Kitted out in sharp suits, you’d be forgiven for dismissing The Jam as a throwback to the Beatles’ mop-top era. However, one listen to Paul Weller’s savage guitar, Bruce Foxton’s thudding bass and Rick Buckler’s frenetic drumming and you’d have been in no doubt that the era of Flower Power was long gone.
Although The Jam became synonymous with the Mod revival movement of the late ‘70s and early ‘80s, they were a self-confessed rock ‘n’ roll band. Listen to tracks such as A Town Called Malice and Eton Rifles and you’ll spot the influences of the likes of Pete Townsend, Wilko Johnson, and The Faces in the chopping of a chord or two.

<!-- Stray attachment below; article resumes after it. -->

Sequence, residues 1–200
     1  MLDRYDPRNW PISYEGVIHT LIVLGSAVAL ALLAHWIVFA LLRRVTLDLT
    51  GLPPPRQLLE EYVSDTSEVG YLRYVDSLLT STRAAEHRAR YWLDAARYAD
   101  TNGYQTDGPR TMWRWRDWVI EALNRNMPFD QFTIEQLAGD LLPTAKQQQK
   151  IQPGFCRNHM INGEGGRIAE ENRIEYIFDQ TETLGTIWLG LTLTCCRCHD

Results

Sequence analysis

Part of The Jam’s incendiary energy came from their sympathies with their then-teenage fans. Songs such as Going Underground and ‘A’ Bomb in Wardour Street perfectly captured the fears and frustrations of the Cold War generation.
However, as a perfect rock band, The Jam were destined to tread an all-too-familiar path. Clashing egos and creative differences saw the band split up, leaving Beat Surrender as their swansong.
Weller went on to form The Style Council, before settling into his Modfather incarnation as a solo artist. Foxton and Buckler continue to tour their original works, under the moniker From the Jam.